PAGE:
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The Sixth Amendment does not literally contain a prohibition upon all hearsay evidence, since it guarantees the defendant only the right to confront 'the witnesses against him.' As applied in the Sixth Amendment's context of a prosecution, the noun 'witness' -- in 1791 as today -- could mean either (a) one 'who knows or sees anything; one personally present' or (b) 'one who gives testimony' or who 'testifies,' i.e., '[i]n judicial proceedings, [one who] make[s] a solemn declaration under oath, for the purpose of establishing or making proof of some fact to a court.' 2 N. Webster, An American Dictionary of the English Language (1828) (emphasis added). See also J. Buchanan, Linguae Britannicae Vera Pronunciatio (1757).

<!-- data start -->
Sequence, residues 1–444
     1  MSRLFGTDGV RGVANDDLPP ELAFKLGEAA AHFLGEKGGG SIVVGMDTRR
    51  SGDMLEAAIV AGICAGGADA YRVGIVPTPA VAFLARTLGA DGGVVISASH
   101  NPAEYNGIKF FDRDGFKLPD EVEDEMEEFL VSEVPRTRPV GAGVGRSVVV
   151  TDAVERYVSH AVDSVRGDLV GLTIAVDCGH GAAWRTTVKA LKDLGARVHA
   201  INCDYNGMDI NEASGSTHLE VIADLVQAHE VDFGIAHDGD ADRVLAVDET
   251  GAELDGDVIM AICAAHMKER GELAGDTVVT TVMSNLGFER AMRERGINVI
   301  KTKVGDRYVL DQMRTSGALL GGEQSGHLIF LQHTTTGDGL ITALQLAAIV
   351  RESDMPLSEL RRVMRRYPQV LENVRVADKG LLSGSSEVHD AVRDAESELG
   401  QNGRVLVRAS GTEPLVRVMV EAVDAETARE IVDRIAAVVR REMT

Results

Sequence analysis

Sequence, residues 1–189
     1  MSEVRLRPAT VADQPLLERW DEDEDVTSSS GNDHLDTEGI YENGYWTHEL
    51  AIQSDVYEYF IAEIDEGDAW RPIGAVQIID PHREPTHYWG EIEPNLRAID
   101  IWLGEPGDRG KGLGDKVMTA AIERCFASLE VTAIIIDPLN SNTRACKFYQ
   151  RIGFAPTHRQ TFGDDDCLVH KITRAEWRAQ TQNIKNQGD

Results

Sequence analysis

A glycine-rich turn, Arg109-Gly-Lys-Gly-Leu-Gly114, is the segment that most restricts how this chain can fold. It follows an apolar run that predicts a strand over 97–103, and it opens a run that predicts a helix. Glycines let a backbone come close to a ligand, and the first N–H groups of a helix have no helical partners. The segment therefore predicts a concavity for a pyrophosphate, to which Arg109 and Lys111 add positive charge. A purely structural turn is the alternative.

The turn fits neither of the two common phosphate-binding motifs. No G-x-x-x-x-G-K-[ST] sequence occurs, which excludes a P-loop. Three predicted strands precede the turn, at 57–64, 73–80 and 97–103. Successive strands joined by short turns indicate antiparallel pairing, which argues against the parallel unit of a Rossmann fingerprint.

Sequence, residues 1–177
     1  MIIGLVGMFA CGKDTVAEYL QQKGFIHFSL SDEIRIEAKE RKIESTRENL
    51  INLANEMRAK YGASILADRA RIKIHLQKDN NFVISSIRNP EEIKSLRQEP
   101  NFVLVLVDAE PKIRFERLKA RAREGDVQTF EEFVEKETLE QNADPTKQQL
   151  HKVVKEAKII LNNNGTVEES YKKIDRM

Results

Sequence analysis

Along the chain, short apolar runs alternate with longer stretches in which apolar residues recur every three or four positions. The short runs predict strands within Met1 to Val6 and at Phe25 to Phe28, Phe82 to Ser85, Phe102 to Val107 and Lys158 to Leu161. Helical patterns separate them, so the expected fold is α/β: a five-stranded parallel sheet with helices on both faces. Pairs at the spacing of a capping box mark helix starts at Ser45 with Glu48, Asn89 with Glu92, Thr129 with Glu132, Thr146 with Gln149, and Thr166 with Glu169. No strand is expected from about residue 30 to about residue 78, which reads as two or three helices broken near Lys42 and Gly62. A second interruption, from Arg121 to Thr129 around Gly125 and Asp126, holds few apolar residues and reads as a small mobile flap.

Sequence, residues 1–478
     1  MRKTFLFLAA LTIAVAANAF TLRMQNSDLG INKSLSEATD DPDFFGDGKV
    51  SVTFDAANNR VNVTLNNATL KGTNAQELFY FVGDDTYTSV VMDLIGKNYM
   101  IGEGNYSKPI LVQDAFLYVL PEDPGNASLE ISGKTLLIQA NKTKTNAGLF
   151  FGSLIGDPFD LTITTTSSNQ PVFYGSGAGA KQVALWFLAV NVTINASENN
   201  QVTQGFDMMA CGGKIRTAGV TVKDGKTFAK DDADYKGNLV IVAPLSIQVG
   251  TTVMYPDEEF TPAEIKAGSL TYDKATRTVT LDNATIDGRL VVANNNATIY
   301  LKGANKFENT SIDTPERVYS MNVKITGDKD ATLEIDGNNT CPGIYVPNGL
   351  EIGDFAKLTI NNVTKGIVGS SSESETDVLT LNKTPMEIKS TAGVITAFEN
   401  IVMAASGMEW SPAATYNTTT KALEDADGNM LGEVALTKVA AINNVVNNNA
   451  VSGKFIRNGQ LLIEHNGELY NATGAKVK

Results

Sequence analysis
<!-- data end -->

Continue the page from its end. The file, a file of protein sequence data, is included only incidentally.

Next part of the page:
The former meaning (one 'who knows or sees') would cover hearsay evidence, but is excluded in the Sixth Amendment by the words following the noun: 'witnesses against him.' The phrase obviously refers to those who give testimony against the defendant at trial. The court has nonetheless found implicit in the Confrontation Clause some limitation upon hearsay evidence, since otherwise the Government could subvert the confrontation right by putting on witnesses who know nothing except what an absent declarant said. And in ...

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